2. Combat Service Support Operational Capabilities Requirements
CSS01: Logistics Command, Control, Communication, and Automation (C3A). Logistics C3A is required for effective command and control of logistics operations supporting force projection. This includes application of technology to support CONUS-based management of theater logistics operations, and must accommodate the linking of communications and automation technologies to provide total integrated CSS/CS/CBT situational awareness. There is a requirement for integration of (or seamless access to) existing logistics Standard Army Management Information Systems (STAMISs) into an Integrated CSS STAMIS (ICS3). To ensure interface between the strategic, operational, and tactical areas of operation CSS units require low cost seamless, global, wireless, high data communication links. There is also a requirement for identification and development of joint interactive decision aid systems to enhance strategic, operational, and tactical logistics operations. These simulations should have the dual capability of being an effective training tool during normal unit training, and large-scale training exercises, and while also providing logistics interfaces into Louisiana Maneuvers (LAM) and into Distributed Interactive Simulations (DIS). They also need low cost seamless, high data rate, reliable communication links and the capability to interact with constructive and virtual simulations. Logistics C3A includes the use of automatic identification technology (AIT) for source data automation of supplies, maintenance, personnel (friendly, enemy prisoners of war), and equipment. Due to the large amounts of information which could overwhelm the soldier, Personal Digital Assistants (PDAs) are required to assist soldiers in organizing and displaying key information, and to act as a primary input interface between the soldier and the logistics C3A systems. Advanced technologies are sought to provide the capabilities to model logistical operations and concepts and provide tools (such as simulation engines) that will allow verification of the impact of new technologies or concepts on logistical operations. Also, CSS units need a capability to rapidly (within minutes) retrieve (from remotely located national and multi-national sources), store, distribute (electronically or physically), and print color digitized maps on varying sizes of paper-based products. This is needed for individual and organizational use in a field environment to support operations with host nation/coalition forces and to support logistics movement in undeveloped theaters of operations.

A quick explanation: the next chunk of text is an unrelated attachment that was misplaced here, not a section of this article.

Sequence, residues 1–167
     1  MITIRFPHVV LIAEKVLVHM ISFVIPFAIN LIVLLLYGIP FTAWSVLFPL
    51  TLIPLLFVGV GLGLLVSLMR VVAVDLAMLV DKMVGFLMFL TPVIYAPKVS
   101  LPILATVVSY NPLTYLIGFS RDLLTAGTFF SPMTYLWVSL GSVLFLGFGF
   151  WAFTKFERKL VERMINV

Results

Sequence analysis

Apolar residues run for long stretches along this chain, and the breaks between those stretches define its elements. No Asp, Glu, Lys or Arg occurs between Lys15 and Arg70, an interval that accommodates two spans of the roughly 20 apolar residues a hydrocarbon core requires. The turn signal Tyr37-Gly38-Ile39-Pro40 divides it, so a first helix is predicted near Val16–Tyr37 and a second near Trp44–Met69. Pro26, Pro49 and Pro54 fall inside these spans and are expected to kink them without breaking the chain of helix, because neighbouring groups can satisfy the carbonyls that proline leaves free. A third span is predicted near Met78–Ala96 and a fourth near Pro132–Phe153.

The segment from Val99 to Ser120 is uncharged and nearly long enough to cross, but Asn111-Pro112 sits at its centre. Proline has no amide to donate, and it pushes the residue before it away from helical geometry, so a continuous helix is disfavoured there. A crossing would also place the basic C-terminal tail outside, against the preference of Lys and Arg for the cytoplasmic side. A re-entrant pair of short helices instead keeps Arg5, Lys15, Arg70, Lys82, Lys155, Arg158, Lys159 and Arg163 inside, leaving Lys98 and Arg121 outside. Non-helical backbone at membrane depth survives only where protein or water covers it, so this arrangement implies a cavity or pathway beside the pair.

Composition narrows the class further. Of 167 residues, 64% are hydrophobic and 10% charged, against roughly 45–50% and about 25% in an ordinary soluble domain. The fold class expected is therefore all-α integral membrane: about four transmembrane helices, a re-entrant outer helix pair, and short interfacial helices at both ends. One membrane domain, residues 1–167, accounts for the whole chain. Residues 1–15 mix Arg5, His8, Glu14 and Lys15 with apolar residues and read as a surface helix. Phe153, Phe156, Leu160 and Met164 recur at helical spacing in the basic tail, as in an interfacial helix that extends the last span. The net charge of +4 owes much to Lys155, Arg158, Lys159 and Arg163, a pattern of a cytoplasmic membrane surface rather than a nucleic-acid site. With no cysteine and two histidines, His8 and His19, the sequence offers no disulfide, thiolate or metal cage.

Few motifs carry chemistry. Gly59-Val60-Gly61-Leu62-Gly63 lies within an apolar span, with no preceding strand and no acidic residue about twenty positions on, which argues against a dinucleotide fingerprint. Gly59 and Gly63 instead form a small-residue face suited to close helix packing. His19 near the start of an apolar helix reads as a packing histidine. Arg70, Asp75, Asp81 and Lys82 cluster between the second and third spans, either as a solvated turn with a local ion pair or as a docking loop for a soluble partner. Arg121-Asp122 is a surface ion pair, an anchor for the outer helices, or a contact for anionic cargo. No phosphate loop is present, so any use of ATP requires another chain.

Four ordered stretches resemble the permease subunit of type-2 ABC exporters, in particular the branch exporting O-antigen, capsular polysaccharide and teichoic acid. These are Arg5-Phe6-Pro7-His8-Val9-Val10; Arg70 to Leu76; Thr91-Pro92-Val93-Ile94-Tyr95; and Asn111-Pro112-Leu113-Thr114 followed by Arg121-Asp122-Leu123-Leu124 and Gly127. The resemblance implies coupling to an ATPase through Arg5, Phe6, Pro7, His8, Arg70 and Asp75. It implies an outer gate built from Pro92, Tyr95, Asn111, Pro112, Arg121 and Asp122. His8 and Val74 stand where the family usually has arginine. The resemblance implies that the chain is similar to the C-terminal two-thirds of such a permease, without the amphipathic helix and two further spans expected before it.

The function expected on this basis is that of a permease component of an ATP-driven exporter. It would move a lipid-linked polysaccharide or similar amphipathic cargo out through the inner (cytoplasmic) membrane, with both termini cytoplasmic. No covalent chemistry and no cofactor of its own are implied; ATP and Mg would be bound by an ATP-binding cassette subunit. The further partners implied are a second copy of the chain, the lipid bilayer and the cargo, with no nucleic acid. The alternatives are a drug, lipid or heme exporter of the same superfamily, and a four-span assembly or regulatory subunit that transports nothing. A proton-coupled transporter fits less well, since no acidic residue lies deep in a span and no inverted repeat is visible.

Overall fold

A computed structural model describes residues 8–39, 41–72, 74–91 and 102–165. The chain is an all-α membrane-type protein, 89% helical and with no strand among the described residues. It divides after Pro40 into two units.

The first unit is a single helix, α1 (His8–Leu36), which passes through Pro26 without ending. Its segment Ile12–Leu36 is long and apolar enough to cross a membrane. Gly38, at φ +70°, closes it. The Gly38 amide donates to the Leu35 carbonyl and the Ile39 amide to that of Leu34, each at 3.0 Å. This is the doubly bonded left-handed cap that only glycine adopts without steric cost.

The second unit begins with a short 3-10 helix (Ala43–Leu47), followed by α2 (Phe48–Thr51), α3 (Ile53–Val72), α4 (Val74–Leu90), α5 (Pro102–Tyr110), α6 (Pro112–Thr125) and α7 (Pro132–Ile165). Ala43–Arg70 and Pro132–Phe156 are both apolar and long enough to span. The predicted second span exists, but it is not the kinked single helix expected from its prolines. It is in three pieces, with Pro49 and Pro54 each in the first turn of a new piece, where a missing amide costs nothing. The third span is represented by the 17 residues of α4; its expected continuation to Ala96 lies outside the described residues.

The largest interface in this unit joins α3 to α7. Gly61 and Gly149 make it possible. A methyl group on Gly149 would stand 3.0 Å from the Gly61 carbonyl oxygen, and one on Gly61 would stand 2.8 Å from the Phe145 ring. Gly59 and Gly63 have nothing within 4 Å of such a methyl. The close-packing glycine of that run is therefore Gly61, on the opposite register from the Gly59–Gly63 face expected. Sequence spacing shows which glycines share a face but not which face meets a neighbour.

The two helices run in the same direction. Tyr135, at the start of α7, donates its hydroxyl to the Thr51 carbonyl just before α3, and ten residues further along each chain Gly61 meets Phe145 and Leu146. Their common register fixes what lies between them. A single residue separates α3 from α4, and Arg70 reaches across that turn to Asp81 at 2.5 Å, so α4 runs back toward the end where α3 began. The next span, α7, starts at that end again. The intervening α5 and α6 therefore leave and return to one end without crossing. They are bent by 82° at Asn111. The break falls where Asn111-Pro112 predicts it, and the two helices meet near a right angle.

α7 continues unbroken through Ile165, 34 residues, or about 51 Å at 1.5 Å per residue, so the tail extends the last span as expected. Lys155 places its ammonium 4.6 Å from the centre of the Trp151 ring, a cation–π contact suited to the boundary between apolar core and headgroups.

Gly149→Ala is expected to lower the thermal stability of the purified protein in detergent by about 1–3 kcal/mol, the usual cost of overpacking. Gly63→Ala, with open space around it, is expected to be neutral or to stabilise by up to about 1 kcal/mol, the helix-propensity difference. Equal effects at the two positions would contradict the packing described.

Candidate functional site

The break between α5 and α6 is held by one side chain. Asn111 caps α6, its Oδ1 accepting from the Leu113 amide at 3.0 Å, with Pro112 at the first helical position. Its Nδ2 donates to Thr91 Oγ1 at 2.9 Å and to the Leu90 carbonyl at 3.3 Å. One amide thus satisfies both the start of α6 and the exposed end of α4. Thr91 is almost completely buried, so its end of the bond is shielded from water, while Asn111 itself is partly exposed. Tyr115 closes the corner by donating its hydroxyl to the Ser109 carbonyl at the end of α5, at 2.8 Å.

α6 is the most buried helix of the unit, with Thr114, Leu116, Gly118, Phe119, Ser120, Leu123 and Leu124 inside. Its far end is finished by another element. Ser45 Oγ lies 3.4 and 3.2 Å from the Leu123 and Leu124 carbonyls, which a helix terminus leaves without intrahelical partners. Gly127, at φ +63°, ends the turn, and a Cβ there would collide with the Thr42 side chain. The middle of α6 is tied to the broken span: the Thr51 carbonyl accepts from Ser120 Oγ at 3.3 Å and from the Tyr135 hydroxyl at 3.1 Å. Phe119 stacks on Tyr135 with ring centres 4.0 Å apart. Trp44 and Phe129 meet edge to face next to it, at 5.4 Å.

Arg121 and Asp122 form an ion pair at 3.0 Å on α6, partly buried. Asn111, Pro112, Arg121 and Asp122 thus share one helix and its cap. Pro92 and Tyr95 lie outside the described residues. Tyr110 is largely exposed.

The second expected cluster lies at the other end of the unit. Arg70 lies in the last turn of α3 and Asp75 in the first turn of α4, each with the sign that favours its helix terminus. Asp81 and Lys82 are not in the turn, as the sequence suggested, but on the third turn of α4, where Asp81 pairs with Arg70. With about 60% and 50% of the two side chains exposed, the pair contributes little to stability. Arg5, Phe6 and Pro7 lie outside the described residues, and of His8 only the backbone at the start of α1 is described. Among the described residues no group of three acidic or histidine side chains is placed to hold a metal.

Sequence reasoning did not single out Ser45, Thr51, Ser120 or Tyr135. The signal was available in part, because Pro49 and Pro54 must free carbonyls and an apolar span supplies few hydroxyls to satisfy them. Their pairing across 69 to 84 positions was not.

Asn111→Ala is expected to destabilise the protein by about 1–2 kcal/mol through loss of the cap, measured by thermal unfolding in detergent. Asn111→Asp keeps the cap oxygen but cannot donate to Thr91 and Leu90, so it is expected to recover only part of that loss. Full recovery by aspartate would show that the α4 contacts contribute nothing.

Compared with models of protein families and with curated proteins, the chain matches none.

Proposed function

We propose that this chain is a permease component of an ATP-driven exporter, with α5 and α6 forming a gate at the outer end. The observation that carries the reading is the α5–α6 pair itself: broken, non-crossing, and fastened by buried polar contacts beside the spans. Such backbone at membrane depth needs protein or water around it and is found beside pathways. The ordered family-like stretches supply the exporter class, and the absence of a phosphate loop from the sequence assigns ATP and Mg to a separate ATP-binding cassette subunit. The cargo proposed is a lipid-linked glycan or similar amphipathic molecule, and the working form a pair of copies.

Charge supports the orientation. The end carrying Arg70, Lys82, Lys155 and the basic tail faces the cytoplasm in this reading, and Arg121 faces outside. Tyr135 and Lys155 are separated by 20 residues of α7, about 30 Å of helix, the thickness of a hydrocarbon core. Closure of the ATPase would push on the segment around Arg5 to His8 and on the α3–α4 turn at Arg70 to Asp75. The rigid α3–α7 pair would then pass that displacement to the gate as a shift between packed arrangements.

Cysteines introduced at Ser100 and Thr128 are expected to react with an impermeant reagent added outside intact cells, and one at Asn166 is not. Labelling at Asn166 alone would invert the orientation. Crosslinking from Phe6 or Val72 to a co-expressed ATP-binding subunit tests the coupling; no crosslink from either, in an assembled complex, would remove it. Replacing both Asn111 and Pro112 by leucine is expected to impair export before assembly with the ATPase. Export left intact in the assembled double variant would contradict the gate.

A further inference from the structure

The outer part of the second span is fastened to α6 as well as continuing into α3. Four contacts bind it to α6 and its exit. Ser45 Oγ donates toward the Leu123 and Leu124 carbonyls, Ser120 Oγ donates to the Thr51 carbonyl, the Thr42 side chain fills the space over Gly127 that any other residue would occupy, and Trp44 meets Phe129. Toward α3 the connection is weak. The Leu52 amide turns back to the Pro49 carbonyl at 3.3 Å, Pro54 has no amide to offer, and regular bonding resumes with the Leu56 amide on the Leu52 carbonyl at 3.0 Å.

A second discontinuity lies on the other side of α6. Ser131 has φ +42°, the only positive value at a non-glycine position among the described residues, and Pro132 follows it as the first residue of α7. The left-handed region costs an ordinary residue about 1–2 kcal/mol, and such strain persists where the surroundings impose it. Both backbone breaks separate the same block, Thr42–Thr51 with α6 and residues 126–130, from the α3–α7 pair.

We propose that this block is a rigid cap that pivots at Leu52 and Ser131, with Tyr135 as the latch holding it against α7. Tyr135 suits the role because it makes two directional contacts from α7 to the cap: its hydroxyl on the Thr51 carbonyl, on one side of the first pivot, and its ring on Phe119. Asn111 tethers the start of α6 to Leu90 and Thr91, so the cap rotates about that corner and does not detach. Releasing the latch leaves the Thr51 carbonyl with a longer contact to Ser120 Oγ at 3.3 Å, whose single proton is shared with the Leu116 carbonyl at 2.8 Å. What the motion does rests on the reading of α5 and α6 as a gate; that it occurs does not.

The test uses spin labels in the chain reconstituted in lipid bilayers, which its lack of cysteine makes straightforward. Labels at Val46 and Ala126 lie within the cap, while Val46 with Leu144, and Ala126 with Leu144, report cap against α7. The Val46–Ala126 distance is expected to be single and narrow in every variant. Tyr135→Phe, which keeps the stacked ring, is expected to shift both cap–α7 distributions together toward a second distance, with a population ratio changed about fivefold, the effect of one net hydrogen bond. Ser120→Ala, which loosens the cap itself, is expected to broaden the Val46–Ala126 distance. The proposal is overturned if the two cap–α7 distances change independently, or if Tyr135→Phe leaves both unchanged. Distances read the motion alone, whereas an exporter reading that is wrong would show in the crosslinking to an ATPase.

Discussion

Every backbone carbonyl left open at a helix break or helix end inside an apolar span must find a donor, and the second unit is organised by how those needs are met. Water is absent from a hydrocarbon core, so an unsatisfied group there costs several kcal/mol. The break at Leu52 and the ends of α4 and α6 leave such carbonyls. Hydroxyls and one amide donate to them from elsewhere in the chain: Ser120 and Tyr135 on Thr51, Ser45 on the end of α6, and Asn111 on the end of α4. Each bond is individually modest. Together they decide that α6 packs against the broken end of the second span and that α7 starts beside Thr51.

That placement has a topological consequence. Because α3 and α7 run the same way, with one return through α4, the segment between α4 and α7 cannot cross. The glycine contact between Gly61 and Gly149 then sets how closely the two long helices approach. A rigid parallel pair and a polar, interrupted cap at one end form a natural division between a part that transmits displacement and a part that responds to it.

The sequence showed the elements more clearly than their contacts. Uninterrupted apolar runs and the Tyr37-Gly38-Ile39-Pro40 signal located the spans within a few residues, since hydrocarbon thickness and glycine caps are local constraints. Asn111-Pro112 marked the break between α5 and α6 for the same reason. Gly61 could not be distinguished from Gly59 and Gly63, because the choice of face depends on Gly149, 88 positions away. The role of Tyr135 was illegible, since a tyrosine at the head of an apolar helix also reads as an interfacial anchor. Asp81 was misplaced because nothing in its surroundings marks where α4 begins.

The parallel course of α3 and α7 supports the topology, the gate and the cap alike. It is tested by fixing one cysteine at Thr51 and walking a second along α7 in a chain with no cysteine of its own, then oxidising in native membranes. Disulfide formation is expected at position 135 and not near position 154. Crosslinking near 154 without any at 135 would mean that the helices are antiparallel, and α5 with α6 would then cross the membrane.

CSS02: In-Transit/Total Asset Visibility/Distribution Management. Total distribution management requires total asset visibility with in-transit visibility as a critical component of all classes of supply, unit equipment, units, and movement platforms. Improvements are needed to track and control customer and supply location and delivery points. CSS units need the ability to seamlessly incorporate AIT (e.g., active and/or passive tagging systems, microelectronics devices, radio frequency (RF) wireless tags, bar codes, etc.) with read/write capability into the distribution system. They must also have the ability to fix location of items moving through the system on a real-time or near real-time basis.